Client is key during FM bidding process
Stephen Maylin, senior facilities manager at TDIC, discusses the role and aspirations of the client during the FM bidding process
Everyone agrees that it is in everyone’s interest to work towards enhancing the client/supplier relationship and furthering the objectives of the FM industry. However, assumptions, miscommunication and lack of understanding are just a few things that can and do go wrong during the tender process, resulting in wasted time and resources for all parties.
I recognise that not all clients know and understand what they want and have difficulty in articulating their needs, but this is where the expertise of the service provider is needed. In this regard, it is imperative that service providers understand and take into account what challenges the client faces and what is expected from service providers during the tender process. As all parties will appreciate, a flawed tendering process leads to failed contracts which are detrimental to the industry.
When the client decides to procure FM services from an external FM service provider, it is usually considered that it will be a relatively simple process and to some degree, challenge free. The client undertakes several internal processes over many months, agrees a robust tendering strategy and producesa contract to go to the market with.
The contract that is tendered normally consists a scope of services (SOS); drawings; a Bill of Quantities; an asset register; a fee schedule; a set of Key Performance Indicators and the terms and conditions (T&Cs) of the contract. Although the T&Cs and the SOS are just two parts ofthe documentation that forms the entire contract, they are the most important and seemingly, the most contentious and confusing to service providers.
Why is this? The SOS specifies which FM services the client requires and the T&Cs state how the contract will be governed and managed. What could be easier? The SOS is normally prepared with care and professionalism in order to avoid any ambiguity and potential conflict and the T&Cs are usually a standard document prepared by solicitors for the client. Why then do the same problems reoccur during the tendering process?
Having analysed many tender returns from service providers over many years, I believe that the issues can be attributed to two principal areas – failure by the service providersto read and fully understand the SOS and their reticence to accept the client’s T&C’s in their entirety.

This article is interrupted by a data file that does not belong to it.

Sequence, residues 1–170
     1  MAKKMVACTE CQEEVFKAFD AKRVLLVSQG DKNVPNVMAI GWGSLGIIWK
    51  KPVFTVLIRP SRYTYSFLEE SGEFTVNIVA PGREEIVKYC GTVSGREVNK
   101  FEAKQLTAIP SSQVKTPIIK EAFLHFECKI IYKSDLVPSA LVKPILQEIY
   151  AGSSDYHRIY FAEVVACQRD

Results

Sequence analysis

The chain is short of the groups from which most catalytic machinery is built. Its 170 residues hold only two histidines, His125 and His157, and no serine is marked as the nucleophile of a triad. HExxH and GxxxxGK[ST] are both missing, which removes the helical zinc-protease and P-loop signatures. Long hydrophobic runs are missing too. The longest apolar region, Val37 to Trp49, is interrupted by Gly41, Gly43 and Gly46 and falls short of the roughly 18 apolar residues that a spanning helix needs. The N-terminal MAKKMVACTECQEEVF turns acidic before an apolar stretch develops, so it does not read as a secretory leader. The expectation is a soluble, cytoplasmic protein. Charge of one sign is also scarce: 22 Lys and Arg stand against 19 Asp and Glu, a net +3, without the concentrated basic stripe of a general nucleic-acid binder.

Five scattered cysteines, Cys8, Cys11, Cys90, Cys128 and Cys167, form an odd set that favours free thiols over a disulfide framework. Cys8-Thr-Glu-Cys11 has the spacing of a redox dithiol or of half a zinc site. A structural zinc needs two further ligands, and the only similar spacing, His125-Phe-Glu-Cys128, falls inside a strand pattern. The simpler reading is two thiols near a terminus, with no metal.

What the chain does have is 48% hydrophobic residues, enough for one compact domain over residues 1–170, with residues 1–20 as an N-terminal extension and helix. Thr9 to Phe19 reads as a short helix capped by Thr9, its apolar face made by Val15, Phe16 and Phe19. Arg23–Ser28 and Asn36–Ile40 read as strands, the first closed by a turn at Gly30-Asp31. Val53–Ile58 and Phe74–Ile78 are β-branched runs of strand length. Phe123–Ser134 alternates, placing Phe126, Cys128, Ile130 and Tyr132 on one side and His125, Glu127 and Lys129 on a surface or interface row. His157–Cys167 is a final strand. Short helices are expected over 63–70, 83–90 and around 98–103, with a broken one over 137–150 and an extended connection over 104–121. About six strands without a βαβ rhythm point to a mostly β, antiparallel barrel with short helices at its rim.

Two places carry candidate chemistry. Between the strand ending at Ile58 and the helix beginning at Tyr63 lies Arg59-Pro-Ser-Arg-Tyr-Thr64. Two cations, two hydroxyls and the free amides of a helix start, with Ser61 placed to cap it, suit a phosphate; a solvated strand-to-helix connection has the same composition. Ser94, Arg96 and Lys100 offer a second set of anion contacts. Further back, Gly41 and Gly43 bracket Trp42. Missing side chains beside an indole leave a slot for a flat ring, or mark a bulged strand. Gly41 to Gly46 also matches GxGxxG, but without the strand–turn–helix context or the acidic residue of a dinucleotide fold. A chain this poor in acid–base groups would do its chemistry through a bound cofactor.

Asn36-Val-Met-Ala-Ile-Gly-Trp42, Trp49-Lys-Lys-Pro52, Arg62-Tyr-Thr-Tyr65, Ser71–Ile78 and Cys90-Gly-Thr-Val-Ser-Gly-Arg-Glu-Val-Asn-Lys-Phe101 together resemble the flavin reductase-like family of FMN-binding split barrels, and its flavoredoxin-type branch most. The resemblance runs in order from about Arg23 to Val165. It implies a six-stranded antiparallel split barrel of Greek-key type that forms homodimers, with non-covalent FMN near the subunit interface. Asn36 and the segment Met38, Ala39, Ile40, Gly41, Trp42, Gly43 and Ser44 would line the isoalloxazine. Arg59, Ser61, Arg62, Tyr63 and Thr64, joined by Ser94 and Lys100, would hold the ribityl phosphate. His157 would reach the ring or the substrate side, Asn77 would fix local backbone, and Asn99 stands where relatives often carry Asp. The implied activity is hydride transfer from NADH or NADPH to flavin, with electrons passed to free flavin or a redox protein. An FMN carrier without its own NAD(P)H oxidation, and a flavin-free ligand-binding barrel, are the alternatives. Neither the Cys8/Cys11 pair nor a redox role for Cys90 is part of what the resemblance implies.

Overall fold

From a client perspective, sometimes the latter is non-negotiable. The T&C’s would have been produced by the client’s procurement department with the objective to protect the client organisation against business risk and then agreed and approved at board level. It is then extremely difficult, if not impossible, to change the client’s T&C’s. Of course, the situation is discussed and explained to service providers during the bidding process and rarely challenged at this point and therefore the client believes that there is no issue going forward.
However, often, when the client receives the completed tender returns from the bidders, it is disappointing to see that some of the bids are subject to acceptance by the client to the service provider’s T&Cs. From a client governance and process compliance point of view, bids received in this manner should be discarded and returned to the service provider as a non-compliant bid. However, for the sake of partnership development, the service provider is given the opportunity to withdraw his T&Cs in favour of the client’s.
Ninety nine times out of a hundred, the service provider complies and accepts the client’s T&Cs but occasionally, one will not and wishes to negotiate. This normally results in the end of their tender bid. Rather than wait until the bidding process is completed, which can be up to six weeks, I think it would be reasonable to expect the service provider to declare at the beginning of the process that their T&C’s must take precedent. This would then save all parties wasted time and resources by agreeing to end their participation at the outset.
The SOS is a menu of services that the client wishes the service provider to deliver. The SOS can be either an outputor an input type. An output type is where the services are specified at high level and the quality of the service is defined. An input type is where the services are specified and the delivery of the services is detailed in terms of manpower required, the trades required and how to undertake the various tasks. There are benefits and disadvantages to both types.
Irrespective of whichever type is tendered, a common frustration to clients during the bidding period is the amount of irrelevant questions that are asked by service providers and clarifications that are requested despite being clearly statedin the SOS. Where this is not so, no client will object to answering and clarifying points that are ambiguous or not covered in the SOS and indeed, will help to improve the final version of the SOS.
However, many clients receive questions and clarifications that arise from the lack of analysis and reading of the SOS by the service provider. It appears to the client that the serviceprovider wants the client to advise them where to look in the SOS for the answers to clarifications in order to save them time and effort. Unfortunately, clients do not have the time or resources available to provide this service and it is unnecessary and time wasting.
If the service provider is a serious bidder, then he must invest his own time, resources and professionalism in tender analysis. Additionally, clients respect and want to work with service providers who take the time to read and understand the SOS. This bodes well for future working relationships because it is good for the service provider, good for the client and good for the FM industry.